In a report released earlier this week, the World Health Organization (WHO) announced that the anti-vaccine movement has now made the list of the biggest threats to human health. The growing anti-vaccine trend has joined the ranks of the top ten health issues that will demand the most attention in 2019, including air pollution and climate change, Ebola, drug resistance, and HIV.
In a statement, the WHO said:
“Vaccine hesitancy – the reluctance or refusal to vaccinate despite the availability of vaccines- threatens to reverse progress made in tackling vaccine-preventable diseases. Vaccination is one of the most cost-effective ways of avoiding disease – it currently prevents 2-3 million deaths a year, and a further 1.5 million could be avoided if global coverage of vaccinations improved.”
A recent study from Dartmouth College revealed that past issues with vaccinations can cause a phenomenon known as hysteresis, which happens when a negative event from the past increases the resistance of the public in the present. The study results help to explain why some people do not take advantage of vaccines even though they have been proven safe and effective.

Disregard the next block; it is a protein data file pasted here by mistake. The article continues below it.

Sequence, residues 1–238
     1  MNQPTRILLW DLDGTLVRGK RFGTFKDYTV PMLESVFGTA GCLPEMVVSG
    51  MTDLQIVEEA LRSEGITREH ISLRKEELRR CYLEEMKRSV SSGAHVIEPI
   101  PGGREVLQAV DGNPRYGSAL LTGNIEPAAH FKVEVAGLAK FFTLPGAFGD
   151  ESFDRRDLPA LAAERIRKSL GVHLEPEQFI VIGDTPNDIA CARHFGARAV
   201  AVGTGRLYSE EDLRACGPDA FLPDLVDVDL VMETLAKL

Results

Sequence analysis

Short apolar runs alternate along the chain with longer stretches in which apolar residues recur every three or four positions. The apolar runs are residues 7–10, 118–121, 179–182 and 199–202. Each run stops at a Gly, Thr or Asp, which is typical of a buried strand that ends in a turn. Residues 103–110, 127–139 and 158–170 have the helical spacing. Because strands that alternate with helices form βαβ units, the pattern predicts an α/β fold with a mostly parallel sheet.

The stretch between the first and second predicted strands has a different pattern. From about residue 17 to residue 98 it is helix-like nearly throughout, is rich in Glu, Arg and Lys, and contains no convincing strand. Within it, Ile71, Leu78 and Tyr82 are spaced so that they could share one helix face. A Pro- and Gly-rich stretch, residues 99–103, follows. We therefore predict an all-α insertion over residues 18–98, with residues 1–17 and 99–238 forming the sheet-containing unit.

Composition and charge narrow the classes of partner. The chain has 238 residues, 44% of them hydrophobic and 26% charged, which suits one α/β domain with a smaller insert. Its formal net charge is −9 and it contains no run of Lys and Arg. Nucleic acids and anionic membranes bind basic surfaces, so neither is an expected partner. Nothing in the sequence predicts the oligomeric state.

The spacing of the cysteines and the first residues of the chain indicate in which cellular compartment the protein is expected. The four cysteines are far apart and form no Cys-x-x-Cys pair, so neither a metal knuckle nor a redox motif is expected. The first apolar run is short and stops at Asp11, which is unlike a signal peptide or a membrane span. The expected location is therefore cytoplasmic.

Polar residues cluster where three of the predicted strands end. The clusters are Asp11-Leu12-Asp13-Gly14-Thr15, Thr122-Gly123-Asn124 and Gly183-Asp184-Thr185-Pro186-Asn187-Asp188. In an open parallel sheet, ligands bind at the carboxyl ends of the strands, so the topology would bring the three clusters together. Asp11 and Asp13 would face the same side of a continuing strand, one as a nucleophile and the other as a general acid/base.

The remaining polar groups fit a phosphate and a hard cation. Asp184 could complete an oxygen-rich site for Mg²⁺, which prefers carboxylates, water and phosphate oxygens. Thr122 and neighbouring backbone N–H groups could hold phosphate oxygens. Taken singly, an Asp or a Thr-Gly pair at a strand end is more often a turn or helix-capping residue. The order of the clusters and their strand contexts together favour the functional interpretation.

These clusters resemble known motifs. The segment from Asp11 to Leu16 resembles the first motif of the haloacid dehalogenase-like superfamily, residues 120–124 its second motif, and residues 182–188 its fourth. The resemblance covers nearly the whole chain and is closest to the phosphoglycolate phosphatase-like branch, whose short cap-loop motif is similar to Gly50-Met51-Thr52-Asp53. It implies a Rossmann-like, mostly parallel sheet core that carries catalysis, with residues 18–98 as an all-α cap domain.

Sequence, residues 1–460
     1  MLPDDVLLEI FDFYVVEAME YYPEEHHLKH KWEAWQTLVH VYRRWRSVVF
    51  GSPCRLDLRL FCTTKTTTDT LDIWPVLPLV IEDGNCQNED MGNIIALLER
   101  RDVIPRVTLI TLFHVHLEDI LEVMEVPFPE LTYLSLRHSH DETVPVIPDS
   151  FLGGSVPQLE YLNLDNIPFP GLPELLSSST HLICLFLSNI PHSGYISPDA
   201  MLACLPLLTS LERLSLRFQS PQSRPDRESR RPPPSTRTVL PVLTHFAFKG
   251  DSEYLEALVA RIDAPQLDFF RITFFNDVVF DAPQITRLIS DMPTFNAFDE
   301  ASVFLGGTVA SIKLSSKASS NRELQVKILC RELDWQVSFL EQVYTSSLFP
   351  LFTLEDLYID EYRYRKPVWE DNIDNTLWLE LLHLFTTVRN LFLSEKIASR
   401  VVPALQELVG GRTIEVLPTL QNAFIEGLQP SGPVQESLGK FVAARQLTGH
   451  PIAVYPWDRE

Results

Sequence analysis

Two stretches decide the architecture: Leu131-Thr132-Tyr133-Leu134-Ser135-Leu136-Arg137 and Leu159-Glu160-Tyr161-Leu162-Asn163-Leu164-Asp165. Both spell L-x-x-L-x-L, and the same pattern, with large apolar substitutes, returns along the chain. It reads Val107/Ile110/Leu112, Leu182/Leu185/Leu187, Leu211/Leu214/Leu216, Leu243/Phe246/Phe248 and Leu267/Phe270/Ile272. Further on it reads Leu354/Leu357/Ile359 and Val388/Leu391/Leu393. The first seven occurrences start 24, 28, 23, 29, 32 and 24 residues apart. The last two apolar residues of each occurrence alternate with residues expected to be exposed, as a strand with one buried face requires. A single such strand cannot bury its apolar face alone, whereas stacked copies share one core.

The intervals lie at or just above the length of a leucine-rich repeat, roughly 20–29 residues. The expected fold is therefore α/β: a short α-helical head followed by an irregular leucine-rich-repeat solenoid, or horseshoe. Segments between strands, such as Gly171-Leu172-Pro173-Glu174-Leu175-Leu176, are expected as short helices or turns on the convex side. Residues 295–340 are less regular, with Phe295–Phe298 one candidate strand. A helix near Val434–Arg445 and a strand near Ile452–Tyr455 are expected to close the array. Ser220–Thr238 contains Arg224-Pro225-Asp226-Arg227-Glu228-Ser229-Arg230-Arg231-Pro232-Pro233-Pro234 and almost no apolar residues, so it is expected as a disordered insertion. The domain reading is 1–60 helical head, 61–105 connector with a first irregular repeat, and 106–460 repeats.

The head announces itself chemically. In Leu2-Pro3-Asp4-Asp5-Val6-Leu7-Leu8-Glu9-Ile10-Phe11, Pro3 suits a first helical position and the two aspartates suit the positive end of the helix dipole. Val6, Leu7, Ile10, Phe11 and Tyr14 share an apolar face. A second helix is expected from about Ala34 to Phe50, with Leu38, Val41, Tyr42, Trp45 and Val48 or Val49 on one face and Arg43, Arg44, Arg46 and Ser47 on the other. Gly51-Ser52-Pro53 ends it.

“Given all the benefits of vaccination, it’s been a struggle to understand why vaccination rates can remain stubbornly low,” said study lead author Professor Feng Fu. “History matters, and we now know that hysteresis is part of the answer.”
Noncompliance with vaccinations can lead the loss of “herd immunity,” contributing to the spread of infectious diseases. For example, childhood diseases like measles, mumps, and pertussis have returned in regions of Europe and North America as a result of insufficient vaccination coverage.
“Once people question the safety or effectiveness of a vaccine, it can be very difficult to get them to move beyond those negative associations,” said Professor Fu. “Hysteresis is a powerful force that is difficult to break at a societal level.”
According to the WHO, there has been a 30-percent increase of measles cases worldwide. Between September 2017 and August 2018, there were more than 41,000 known cases, including 40 deaths across Europe. In the United States, 349 cases of measles were documented by the CDC in 26 states.
“There is arguably no single preventive health intervention more cost-effective than immunization,” the WHO stated on its website. “Time and again, the international community has endorsed the value of vaccines and immunization to prevent and control a large number of infectious diseases and, increasingly, several chronic diseases that are caused by infectious agents.”
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